15.05.2006Zafer Senocak – Abdelkader BenaliMuslims and Integration in Europe
Berlin, 8 May 2006
You write that Europe's core problem is the way it relates to the Other, and that culture, as it is developed in nation states and nurtured to underpin an identity, is seen as the realm of the immigration police. In reality, I believe that without overcoming this exclusivist and essentially deeply racist way of thinking, there will be no possibility of achieving a united Europe.
At the most we will have a community of independent states which have got together over common economic and strategic interests. Perhaps that in itself is a success, when one thinks of the history of Europe, branded by wars and mutual slaughter. The continent of civil wars has been fairly successful in ensuring peace over the last sixty years. But this peace will be under threat as long as people do not realise that migration into Europe is creating new tensions.
It's precisely because the tensions between the states have diminished that Europe's aggressive potential is now looking for a new and at the same time familiar battlefield: the relationship to people of other religions and other skin colours.
I see Islamism as merely an "oriental" version of European nationalism. The xenophobic element, the culturalism, the entrapment of people in their group, their clan, their nation and their culture are thereby the elements they have in common.
Islamism in this sense is not an archaic religious conviction, but a thoroughly modern tendency. Some commentators speak of a third totalitarian ideology after fascism and communism against which the free world must defend itself. But I agree with you: this struggle, which is often interpreted as a cultural phenomenon, is in the first instance a dispute over material resources, over opportunities for the future, social status and justice. That last term is a term which is often used, but remains foreign to the history of humankind.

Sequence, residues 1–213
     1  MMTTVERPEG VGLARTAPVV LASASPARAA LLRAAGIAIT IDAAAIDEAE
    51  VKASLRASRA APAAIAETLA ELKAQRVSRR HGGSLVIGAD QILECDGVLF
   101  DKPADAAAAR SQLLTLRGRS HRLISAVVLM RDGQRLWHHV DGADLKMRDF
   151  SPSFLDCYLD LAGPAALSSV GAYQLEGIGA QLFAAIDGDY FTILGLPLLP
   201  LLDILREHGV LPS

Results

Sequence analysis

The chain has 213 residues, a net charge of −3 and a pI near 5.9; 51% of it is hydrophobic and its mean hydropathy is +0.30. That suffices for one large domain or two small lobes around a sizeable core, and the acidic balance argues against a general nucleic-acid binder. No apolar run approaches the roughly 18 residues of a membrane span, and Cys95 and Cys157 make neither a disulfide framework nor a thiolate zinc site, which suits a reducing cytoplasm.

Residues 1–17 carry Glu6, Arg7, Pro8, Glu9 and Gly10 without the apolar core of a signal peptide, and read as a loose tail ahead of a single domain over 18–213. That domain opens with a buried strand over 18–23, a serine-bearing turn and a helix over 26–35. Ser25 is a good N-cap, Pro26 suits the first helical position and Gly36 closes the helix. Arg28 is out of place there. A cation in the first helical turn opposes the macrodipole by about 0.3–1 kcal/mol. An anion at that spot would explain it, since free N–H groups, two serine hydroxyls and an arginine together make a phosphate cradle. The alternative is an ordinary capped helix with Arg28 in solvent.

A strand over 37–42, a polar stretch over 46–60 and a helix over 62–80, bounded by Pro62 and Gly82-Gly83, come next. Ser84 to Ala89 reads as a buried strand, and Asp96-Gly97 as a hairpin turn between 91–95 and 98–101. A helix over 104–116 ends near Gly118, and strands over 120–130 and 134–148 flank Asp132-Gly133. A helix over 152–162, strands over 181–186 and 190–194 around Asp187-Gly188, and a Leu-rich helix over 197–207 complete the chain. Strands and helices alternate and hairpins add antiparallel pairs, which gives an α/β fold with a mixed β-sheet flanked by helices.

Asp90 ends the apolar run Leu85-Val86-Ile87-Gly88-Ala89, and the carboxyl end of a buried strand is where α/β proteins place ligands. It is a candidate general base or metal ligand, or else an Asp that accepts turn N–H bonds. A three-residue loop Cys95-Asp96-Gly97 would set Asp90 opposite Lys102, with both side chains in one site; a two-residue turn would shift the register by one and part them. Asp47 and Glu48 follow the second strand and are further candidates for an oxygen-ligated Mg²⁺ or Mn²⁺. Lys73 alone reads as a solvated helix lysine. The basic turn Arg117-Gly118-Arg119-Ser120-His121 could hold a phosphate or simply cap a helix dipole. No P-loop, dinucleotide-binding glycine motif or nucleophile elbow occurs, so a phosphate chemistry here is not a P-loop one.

I have increasingly the feeling that the escape into culturalism – by which culture is seen as the framework which explains all problems – is strengthened by this development, so that the solution of social problems is pushed back ever further into the future.
What chances does the child of a migrant family have nowadays in European society if it ends up without any qualification from school? And in Germany it's not just a few children who are in this position. Of course, society isn't to blame for everything. There's also plenty of lethargy and lack of interest among the migrants themselves.
But the "orphans," as you fittingly call them, are addressed far too infrequently. In recent decades, money has been cut from training and free-time provision, in order to save money. But this is a false economy which will prove expensive for society: you can see that already, without having to be a prophet.
It's true: we writers are not social workers. We are also not prophets. But we still have some kind of connection to these roles. We describe human conditions and feelings which often remain hidden in the so-called public discourse. The way the "orphans" look for self-sufficiency has a strong aesthetic dimension – there can be little doubt about that. This aesthetic dimension is served today, in my view, by the affirmative ideology of Islamism.
The poses Islamists adopt, the video messages of suicide bombers, the intensive use of the internet, the media presence of the terror princes – as if they were pop stars – these are all a kind of replacement for art, a kind of bad poetry. To confront that with a demanding and innovative aesthetic programme is a real challenge.
It's not a matter of changing the world with books; it is rather a matter of being part of the world so that one can see it from a new perspective. That can partly be achieved by finding a language for the sense of loss which many feel, without ties to a state, a country or a tradition. There are other options beyond the leisure industry and the Al Qaeda training camp.
I'm a few years older than you. And this sense you write about that you've had enough of being someone guarding the bridges between the cultures is one I recognise all too well. The fact that we have to live with this role that has been ascribed to us gives us the chance of making something of it. Aren't you grateful for the many wonderful stories to which we have access because we've grown up in more than one culture? I see this by now as an aesthetic challenge, just as I see Islam as an aesthetic challenge. There's no other way of moving towards self-sufficiency.
With very best wishes,